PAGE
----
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Saturday, October 24, 2020  Spokane, Washington  Est. May 19, 1883
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They’re In Love, Office-Style Today, We Take A Closer Look At Romance -And Lust- In The Modern Workplace

Lawrence Van Gelder New York Times

Love, your magic spell is everywhere, but it seems to be particularly potent in the office. There, the smitten suffer agonies of longing, overcome shyness, undertake impetuous acts and sometimes, just as in the happiest of tales, overcome all obstacles and find enduring romance.

Burning ardor! Fierce passion! Undying commitment!

No, not in the case of two co-workers of Linda Pollak. For years, theirs was a low-key office romance: always friends, sometimes lovers, never committed. But then came a fateful Valentine’s Day evening that also was the man’s birthday.

As Pollak recalls, it was too cold and slushy to go to dinner that night in Chicago, so the office gang went to the bar downstairs and turned to margaritas for warmth.

“If I marry anybody, I’ll probably end up marrying you,” the man said to the woman of his affections.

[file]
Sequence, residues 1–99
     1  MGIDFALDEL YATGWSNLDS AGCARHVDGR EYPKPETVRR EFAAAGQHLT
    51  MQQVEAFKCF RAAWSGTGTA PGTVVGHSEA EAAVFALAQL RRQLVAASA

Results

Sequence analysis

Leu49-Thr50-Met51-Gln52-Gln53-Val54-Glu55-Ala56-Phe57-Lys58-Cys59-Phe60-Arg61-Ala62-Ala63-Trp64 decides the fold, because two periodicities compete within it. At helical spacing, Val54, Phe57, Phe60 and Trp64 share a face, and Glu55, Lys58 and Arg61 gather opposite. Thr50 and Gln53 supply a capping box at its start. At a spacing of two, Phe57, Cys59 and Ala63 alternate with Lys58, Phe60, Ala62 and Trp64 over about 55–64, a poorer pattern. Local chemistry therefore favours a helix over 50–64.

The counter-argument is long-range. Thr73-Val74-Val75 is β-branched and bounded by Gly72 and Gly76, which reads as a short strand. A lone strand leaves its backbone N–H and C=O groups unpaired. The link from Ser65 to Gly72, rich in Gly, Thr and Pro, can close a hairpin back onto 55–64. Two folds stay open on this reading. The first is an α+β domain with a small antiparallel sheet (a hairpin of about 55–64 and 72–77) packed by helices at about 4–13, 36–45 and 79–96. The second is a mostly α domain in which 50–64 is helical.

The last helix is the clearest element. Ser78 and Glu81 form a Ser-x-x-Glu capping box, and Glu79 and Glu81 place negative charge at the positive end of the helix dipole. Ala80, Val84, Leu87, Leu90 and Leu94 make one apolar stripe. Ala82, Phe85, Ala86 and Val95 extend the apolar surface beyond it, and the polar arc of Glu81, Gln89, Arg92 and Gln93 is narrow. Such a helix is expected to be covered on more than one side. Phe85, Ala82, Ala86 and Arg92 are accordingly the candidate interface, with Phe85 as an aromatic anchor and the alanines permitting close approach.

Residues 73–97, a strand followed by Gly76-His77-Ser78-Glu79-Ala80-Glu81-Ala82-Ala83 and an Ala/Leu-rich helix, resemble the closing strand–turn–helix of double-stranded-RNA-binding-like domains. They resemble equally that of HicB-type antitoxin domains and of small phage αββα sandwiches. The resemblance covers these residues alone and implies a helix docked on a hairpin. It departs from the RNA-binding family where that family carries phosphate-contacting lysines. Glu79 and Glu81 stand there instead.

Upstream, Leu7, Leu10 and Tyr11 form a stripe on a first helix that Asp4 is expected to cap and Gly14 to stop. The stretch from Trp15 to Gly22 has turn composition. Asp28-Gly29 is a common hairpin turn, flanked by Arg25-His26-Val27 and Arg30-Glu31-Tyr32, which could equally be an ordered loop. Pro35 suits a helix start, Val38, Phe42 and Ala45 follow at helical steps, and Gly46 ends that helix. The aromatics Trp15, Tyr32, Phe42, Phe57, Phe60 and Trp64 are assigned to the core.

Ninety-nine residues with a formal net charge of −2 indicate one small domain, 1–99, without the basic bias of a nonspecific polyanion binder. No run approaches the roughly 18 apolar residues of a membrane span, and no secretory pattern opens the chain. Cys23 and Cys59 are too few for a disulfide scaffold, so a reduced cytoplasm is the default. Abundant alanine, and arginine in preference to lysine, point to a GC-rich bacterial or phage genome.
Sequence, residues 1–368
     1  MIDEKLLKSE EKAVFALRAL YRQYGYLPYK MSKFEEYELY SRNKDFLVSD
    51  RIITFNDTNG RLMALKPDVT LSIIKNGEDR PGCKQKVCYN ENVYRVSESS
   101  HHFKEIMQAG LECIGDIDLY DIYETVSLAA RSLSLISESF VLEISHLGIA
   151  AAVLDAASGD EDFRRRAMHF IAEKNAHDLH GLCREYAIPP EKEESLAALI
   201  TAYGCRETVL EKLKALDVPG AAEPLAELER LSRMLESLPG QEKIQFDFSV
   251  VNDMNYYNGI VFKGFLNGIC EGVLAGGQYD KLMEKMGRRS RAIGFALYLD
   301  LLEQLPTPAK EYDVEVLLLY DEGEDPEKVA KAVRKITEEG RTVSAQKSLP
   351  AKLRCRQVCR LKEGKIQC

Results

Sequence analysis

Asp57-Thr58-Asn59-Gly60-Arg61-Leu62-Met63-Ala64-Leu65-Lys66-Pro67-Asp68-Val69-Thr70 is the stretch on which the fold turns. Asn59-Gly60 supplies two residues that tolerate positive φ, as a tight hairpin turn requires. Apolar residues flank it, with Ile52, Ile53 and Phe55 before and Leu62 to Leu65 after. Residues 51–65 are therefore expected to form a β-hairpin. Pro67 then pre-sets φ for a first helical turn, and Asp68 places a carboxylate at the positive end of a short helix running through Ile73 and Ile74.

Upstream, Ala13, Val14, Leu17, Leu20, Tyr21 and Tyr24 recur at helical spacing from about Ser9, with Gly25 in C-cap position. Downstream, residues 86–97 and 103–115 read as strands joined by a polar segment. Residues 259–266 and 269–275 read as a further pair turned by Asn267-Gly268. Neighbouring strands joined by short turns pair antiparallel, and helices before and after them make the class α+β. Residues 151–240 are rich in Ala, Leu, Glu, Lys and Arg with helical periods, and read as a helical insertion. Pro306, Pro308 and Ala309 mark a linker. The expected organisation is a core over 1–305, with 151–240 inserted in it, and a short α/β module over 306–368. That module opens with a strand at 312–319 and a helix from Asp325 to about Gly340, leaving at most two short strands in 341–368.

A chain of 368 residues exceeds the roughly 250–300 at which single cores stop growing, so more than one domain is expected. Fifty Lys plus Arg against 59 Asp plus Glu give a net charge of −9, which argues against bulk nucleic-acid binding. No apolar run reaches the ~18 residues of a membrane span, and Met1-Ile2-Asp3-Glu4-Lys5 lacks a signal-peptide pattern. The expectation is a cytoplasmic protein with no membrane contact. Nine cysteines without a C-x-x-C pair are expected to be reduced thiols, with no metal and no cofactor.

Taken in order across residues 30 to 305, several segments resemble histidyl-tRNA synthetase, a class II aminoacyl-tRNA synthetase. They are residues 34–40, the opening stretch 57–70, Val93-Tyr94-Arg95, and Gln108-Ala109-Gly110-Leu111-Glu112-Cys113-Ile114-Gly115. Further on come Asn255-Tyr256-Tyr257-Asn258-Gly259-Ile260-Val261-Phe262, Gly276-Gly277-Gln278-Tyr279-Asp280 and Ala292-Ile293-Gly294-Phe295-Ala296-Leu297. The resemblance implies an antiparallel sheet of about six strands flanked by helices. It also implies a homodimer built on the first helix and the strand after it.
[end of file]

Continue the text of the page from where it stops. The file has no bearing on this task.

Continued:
She rolled her eyes. “Right!” she said.

“You guys are never going to get married,” a colleague chimed in. The matter was debated until the man turned to the woman: Would she like to get married?

“Sure,” she said. “When?”

He excused himself, and when he returned, he said: “There’s a plane to Vegas in two hours. I booked the tickets.”

Accompanied by Pollak, they boarded the plane, and the bride-to-be promptly fell asleep on her intended’s shoulder.

About an hour later, Pollak looked over at the man. The alcohol had worn off. He resembled a deer caught in headlights.

The woman woke just before landing and was told the wedding was off. She didn’t seem too disappointed. She said she hadn’t really believed it anyway.

Everyone flew home in silence.